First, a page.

“We were thrilled to get Jeff Jimerson for so many performances,” said Knoyer. “Anyone that has attended the B.E. Taylor Christmas Show will recognize Jeff. He is also the primary National Anthem singer for the Pittsburgh Penguins and has performed for the Steelers and Pirates.” Jimerson will be performing with his four piece variety band Airborne.
Another popular group, Hit Play, will perform on June 25 and July 2.
More great music is on tap for Friday’s entertainment. Marcus & James or Ron Retzer will perform from 5:00 to 7:00 p.m.
“And, from 7:00 to 9pm on Friday, magician Steve Haberman will be amazing young and old!” added Knoyer. Haberman, a unique combination of comedian, illusionist and mentalist, will present two to three mini shows per hour
Brian Burkley, Director of Food and Beverage said that during the entertainment fun sidewalk food fare will be available on The Hilltop including walking tacos, cheese steaks, hot dogs & more!
In addition to the entertainment, lights have also been added to the gardens. “Every night at dusk a new, innovative display of lights will showcase the natural beauty of the gardens,” said Knoyer.
Other activities in The Hilltop area are shops, the Mansion Museum and the Glass Museum. The shops on the Hilltop will have extended hours during the summer. Jill Neumann, Manager of Retail, said that Farmhouse Sweets & Treat Shoppe, Carriage House Glass and the Palm Room will be open later to accommodate the visitors that come to enjoy the entertainment.
“There is so much more than flowers and gardens on The Hilltop at Oglebay this summer,” said Knoyer. “Bring the entire family to enjoy fresh-picked fun, entertainment and food.”
For the complete entertainment schedule please visit www.oglebay-resort.com/summer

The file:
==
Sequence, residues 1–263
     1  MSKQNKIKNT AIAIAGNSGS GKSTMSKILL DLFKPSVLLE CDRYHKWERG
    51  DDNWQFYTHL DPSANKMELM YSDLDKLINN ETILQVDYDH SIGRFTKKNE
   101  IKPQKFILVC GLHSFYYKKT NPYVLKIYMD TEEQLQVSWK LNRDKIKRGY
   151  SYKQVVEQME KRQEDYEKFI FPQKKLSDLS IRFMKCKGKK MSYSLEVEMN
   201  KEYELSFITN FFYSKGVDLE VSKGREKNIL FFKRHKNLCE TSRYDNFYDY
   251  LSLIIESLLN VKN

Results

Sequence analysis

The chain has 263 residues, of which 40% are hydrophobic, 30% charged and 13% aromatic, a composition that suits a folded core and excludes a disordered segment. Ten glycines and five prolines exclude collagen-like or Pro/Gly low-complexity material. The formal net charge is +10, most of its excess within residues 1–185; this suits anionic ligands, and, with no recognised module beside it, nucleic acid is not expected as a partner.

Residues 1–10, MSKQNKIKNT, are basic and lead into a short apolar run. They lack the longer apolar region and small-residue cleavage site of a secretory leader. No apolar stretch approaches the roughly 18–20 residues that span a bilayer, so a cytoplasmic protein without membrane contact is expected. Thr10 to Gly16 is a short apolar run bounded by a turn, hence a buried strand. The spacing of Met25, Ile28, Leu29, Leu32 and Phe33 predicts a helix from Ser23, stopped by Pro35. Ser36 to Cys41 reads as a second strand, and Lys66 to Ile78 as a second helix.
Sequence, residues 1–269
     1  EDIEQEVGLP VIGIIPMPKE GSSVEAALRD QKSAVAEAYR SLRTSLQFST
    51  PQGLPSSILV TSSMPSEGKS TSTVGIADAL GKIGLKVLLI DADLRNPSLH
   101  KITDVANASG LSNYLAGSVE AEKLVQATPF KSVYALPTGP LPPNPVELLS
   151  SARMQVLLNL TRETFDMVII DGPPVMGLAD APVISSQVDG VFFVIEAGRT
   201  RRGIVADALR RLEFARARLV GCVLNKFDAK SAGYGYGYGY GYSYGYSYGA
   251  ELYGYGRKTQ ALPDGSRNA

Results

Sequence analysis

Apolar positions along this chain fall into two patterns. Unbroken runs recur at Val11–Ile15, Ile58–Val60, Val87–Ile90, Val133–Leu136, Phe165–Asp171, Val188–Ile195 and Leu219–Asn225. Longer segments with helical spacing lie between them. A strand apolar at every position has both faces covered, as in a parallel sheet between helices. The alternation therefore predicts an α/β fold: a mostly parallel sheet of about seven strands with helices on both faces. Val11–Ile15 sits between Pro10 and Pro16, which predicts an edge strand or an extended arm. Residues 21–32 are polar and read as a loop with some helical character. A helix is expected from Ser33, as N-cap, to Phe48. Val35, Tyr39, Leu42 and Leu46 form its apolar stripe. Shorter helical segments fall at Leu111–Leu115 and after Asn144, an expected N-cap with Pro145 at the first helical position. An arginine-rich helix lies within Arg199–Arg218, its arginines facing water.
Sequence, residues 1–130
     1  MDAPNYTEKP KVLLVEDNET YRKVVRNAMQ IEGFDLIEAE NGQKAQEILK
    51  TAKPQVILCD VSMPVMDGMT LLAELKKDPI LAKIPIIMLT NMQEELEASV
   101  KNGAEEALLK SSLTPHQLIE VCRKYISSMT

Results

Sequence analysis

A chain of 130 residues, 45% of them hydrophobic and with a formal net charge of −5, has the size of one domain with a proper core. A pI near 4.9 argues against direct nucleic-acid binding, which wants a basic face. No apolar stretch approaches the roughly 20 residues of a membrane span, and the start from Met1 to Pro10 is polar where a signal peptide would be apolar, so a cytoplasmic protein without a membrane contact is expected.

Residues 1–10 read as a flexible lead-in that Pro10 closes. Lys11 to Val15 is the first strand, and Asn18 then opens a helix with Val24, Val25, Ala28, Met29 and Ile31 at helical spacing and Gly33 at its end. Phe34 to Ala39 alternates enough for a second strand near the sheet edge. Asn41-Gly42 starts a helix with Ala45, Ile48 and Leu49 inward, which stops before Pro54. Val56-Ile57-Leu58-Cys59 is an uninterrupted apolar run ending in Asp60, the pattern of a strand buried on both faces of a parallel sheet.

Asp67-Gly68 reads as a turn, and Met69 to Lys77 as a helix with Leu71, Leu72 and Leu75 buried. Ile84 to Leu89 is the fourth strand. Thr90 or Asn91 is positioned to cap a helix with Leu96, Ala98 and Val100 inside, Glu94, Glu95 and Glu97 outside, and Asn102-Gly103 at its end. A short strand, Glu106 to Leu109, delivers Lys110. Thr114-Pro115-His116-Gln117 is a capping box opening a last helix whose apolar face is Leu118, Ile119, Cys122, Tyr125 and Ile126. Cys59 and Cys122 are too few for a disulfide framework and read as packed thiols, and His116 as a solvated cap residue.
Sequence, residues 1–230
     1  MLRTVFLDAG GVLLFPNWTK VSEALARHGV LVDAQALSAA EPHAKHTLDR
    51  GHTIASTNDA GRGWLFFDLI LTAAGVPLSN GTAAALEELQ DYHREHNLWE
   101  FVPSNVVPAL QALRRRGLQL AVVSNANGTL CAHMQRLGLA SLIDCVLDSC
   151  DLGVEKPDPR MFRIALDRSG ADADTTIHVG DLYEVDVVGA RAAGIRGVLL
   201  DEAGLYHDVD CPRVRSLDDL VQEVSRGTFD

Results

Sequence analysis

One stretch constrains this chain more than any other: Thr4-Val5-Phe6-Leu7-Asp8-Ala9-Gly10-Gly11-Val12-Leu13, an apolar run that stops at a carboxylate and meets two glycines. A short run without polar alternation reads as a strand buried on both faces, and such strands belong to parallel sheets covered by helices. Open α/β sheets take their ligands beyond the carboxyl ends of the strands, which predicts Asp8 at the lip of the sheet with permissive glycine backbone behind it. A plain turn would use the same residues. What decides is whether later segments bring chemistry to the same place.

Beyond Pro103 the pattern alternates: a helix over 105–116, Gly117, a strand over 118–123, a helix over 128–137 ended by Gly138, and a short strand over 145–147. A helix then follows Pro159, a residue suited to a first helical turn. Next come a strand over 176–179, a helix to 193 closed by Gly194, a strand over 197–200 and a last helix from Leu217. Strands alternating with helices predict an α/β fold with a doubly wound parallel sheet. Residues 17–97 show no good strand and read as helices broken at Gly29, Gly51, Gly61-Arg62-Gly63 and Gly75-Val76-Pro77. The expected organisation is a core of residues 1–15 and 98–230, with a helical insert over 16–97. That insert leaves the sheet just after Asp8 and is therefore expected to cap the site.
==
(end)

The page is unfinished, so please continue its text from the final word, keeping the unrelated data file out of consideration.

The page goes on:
The Good Zoo is offering an exclusive safari to Tanzania, East Africa. The trip will be escorted by Zoo Curator Mindi White, and retired zoo director Penny Miller. The safari runs from November 2 to November 13, 2015, with an optional extension to Zanzibar. “This trip is a treasure trove of wildlife and culture. It’s the “bucket list,” trip of a lifetime for any wildlife lover, birdwatcher or photographer,” White said.
This exclusive safari will cover unforgettable spots including the unique eco-system of Ngorongoro Crater, the vast savannahs of the Serengeti, and the flamingo-lined shores of Lake Manyara. “We will be watching elephant, zebra, wildebeest, impala, giraffe, lions, black rhinos, cheetah, hyena, jackal, and warthog, along with over 100 species of birds, ans searching for the elusive leopard,” White said. “Some of these species are highly endangered and disappearing at an alarming rate,” she added. The trip will also include a visit to Olduvai Gorge where the roots of modern man were unearthed by the Leakeys, plus a visit to a Maasai village.
“Hands down, this safari destination and itinerary is my favorite of all we have offered,” said Miller, who had been to Africa 10 times. She has led previous zoo safaris to Tanzania, Kenya, South Africa, Botswana, Zimbabwe and Zambia, and recently returned from a wildlife-themed tour of Cuba. “Our naturalist guide Robert Marks Moshi was born a Massai, and has been our guide on our other Tanzania trips. Our travelers just love him; he is an expert on the wildlife and the Massai culture and his stories add a whole new dimension to the safari.” Miller added that this safari is unusual in that there will be three seasoned zoo professionals on the trip, and one of the zoo’s adult volunteers, a retired college professor who has led his own trips to Africa.